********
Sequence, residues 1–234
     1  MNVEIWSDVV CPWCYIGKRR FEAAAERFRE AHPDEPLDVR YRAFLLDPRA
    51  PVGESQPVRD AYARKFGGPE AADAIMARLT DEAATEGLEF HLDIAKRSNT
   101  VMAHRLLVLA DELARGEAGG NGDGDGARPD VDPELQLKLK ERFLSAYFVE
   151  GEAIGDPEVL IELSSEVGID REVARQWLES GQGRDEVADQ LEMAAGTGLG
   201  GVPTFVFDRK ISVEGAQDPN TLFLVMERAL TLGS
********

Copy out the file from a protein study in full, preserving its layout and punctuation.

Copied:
Sequence, residues 1–234
     1  MNVEIWSDVV CPWCYIGKRR FEAAAERFRE AHPDEPLDVR YRAFLLDPRA
    51  PVGESQPVRD AYARKFGGPE AADAIMARLT DEAATEGLEF HLDIAKRSNT
   101  VMAHRLLVLA DELARGEAGG NGDGDGARPD VDPELQLKLK ERFLSAYFVE
   151  GEAIGDPEVL IELSSEVGID REVARQWLES GQGRDEVADQ LEMAAGTGLG
   201  GVPTFVFDRK ISVEGAQDPN TLFLVMERAL TLGS